I thought I'd care a great cook experience with you all that I just had. I have a Kamado Joe Big Joe III and I reverse seared some USDA Prime Ribeye's that I picked up at CostCo today. I used the flexible cooking system and used one half of the heat deflector plates and left the other half open to flame. I seasoned the steak in the Meat Church Holy Cow seasoning and let them sweat out while I got the grill to temperature. I set big reg to 225 for smoking and it took about an hour (give or take to get the ribeye's to about 120 degrees. After that I opened up the Big Joe and let her rip to about 500-550 degrees and then seared the steaks for about three minutes aside. I also made a compound butter consisting of rosemary, Italian seasoning, fresh garlic, salt and pepper. After searing, I took tented the steaks in foil and let the compound butter melt on top. Lastly, I did some twice baked potatoes in the oven. All that said, the pictures speak volumes compared to this brief description. This is probably the best steak I've ever cooked. Just wanted to share. Thanks to everyone that's continued to help me on my journey in Kamado style cooking!
Hi Kamado People
I did my second reverse sear with a 2.5-inch-thick sirloin and the result was great. Applied a good rub/spice and brought internal up to 40C slowly about 40minutes this took and rested, followed by a quick high temp sear, now the taste is superb, and I reckon can’t be beat by the normal grilling method. However, I feel the steak needs to be more tender, comparing tenderness to normal thickness and grill, reverse searing the steak is not as tender as a standard 1inch steak would be grilled over hot coal and grill.
I will appreciate any tips, tricks or advise on improving tenderness?
This is one of my favourite salads that really delivers far more voomph than the list of ingredients would suggest.
I bought a sous vide machine about a year ago and have only used it twice, always thinking that I would love to do some eye fillets (inspired by @AntinOz, and figured that this was as good a time as any to pull the box out from the bottom of the cupboard. After biting into that beef which was as soft as butter, the Anova is going to be stored in a more accessible spot going forward.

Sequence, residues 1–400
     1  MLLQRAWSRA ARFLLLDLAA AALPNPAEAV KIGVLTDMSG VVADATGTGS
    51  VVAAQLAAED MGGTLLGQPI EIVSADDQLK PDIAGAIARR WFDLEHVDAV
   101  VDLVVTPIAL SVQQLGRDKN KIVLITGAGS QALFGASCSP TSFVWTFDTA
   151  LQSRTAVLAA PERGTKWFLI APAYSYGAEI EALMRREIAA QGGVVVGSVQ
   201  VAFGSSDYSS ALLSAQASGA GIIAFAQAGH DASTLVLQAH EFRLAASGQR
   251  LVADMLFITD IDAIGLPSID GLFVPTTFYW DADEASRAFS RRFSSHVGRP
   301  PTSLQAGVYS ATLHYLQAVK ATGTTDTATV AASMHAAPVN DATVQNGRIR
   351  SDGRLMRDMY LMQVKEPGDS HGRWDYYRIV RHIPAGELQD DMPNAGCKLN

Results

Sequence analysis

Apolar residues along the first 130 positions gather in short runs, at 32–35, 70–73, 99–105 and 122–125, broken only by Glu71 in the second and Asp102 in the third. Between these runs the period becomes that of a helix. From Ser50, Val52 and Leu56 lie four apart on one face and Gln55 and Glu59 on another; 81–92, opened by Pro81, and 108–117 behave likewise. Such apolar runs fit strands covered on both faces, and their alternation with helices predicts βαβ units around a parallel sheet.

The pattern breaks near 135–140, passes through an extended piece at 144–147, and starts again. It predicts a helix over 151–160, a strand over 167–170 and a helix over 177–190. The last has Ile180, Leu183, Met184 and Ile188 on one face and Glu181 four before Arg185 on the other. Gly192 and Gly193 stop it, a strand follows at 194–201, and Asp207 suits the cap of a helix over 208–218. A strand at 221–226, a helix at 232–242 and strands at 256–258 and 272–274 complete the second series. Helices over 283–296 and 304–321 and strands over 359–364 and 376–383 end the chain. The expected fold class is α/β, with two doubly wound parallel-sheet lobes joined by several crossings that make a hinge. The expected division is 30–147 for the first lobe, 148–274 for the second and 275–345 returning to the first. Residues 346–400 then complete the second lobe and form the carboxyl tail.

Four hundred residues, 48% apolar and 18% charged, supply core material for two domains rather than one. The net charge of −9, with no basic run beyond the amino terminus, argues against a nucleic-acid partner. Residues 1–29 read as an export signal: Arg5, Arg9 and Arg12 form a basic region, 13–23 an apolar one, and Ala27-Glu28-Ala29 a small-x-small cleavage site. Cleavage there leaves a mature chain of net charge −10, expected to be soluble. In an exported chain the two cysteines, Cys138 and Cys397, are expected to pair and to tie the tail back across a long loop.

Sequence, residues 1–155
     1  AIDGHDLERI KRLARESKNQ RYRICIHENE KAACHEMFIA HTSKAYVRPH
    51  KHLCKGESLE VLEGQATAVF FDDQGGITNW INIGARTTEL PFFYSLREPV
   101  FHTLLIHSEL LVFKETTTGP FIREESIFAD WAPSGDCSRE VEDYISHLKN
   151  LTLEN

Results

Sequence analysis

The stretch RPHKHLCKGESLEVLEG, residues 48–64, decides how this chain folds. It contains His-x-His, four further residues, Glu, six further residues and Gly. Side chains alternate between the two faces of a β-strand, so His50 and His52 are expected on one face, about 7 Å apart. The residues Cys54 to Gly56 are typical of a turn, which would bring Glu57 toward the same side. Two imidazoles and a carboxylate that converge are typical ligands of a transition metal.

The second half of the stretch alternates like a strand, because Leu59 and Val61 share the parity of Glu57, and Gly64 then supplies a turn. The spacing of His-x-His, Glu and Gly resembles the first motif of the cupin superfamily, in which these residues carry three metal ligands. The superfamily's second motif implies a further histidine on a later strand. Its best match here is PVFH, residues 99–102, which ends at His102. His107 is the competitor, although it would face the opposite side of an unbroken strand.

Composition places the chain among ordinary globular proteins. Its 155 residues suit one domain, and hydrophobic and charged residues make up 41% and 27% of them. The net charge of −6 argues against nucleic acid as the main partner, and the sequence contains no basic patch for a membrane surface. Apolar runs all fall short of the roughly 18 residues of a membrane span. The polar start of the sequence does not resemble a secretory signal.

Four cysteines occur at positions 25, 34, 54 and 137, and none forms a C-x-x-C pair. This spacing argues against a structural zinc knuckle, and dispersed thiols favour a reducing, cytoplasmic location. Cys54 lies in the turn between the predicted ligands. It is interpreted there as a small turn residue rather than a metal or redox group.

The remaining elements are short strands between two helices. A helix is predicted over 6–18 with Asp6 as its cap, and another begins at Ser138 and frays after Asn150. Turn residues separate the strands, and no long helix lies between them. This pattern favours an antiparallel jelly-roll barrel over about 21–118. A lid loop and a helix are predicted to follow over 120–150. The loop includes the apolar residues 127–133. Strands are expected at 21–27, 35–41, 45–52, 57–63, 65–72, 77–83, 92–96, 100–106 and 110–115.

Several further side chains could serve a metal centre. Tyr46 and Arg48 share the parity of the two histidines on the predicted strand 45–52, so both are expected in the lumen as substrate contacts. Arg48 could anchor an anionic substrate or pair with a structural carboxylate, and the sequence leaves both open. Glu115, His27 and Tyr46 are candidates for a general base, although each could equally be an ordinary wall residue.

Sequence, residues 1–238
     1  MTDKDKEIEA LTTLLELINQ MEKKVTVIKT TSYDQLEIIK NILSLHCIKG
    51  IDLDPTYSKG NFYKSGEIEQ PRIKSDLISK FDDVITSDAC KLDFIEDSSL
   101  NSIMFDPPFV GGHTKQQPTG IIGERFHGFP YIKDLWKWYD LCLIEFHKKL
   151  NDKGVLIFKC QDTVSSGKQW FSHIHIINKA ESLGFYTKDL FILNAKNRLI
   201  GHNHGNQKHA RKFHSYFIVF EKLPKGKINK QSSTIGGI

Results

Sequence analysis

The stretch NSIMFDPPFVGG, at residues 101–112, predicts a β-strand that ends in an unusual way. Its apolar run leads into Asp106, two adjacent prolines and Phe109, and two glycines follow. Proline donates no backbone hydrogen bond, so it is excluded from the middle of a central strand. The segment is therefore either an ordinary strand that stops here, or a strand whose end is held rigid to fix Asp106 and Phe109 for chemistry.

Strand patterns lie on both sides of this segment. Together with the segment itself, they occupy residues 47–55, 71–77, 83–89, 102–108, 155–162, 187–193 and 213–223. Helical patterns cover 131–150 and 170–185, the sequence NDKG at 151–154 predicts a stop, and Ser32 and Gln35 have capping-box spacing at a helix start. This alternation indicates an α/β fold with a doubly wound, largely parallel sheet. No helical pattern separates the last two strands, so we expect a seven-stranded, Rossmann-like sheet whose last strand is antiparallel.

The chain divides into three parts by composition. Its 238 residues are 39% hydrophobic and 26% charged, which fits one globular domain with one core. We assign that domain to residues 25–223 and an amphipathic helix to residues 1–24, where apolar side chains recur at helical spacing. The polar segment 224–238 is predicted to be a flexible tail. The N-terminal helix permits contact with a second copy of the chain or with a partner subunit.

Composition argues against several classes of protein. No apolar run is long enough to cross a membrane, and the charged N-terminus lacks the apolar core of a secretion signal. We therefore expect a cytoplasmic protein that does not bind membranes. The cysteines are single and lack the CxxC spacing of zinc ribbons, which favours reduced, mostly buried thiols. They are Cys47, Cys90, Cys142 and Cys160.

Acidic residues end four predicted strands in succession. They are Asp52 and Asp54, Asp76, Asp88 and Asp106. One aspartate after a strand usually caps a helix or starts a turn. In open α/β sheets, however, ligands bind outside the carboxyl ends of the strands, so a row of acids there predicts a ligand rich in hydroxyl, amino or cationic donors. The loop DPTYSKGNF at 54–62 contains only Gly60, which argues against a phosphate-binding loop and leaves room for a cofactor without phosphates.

Easy Thai Beef Salad Ingredients
2 x 250g eye fillet steaks or similar
Oil for cooking steak
150g of mixed lettuce leaves
1 telegraph cucumber
1 carrot sliced into thin strips
½ to 1 red capsicum sliced into thin strips
1 red onion sliced thinly (I omitted due to raw onion allergy)
Salt and pepper
1 bunch coriander leaves, picked
1 bunch mint leaves, torn if large
Toasted sesame seeds
Salad Dressing Ingredients
1 teaspoon peanut oil (I subbed with grapeseed oil because it’s a no flavour oil that I had in the cupboard)
1 tablespoon fresh lime juice
2 tablespoons sweet chilli sauce
2 teaspoons fish sauce
I started off with seasoning my beautiful steaks with salt and pepper and then vacuum sealing them. I left them on the counter to come to room temp whilst I got the water up to 54 degrees C / 130 F.
They were in the water bath for two hours and when I removed them, I patted them dry using paper towels, which ensures a crust can form.
I heated up the Kamado to 220 degrees C / 430F with the coals banked to the left and the grate in the lower position. I then put a cast iron fry pan on there to heat up with the lid down.
Whilst I was doing all this, I prepared my veggies and dressing.
Once the pan was hot, I put in a tablespoon or so of oil, swirled it around and cooked the steaks, about 30 seconds on each side.
The steaks then camped out in a foil tent for about 10 mins.
Holy moly! Slicing through those buttery steaks was a revelation!!
So juicy ... and all evenly dispersed within the meat!!
To assemble the salad, I just layered the lettuce, herbs, topped with the veggies, placed the slices of steak on top, drizzled on the dressing and sprinkled with the sesame seeds.
I made extra salad and doubled the dressing, which hubby and I took to work for lunch today causing lunchbox envy in the workplace. LOL.
Not sure if the entry counts given the steaks were only finished on the Kamado but I’m cool with it either way because it’s an easy and tasty recipe that I hope you try.
This was unexpected, on Saturday a grocery store had Tomahawks in for $16/lbs vs 28 at my local butcher so I thought I would give them a try.
I used the Jess Pryles dry brine method (link) and left them uncovered in the fridge for three days flipping and drying once a day before cooking last night when I seasoned them with hardcore carnivores black rub
set the egg up for a reverse sear and eventually sliced into pure magic. Easily top 3 ever which was unexpected given their grocery store pedigree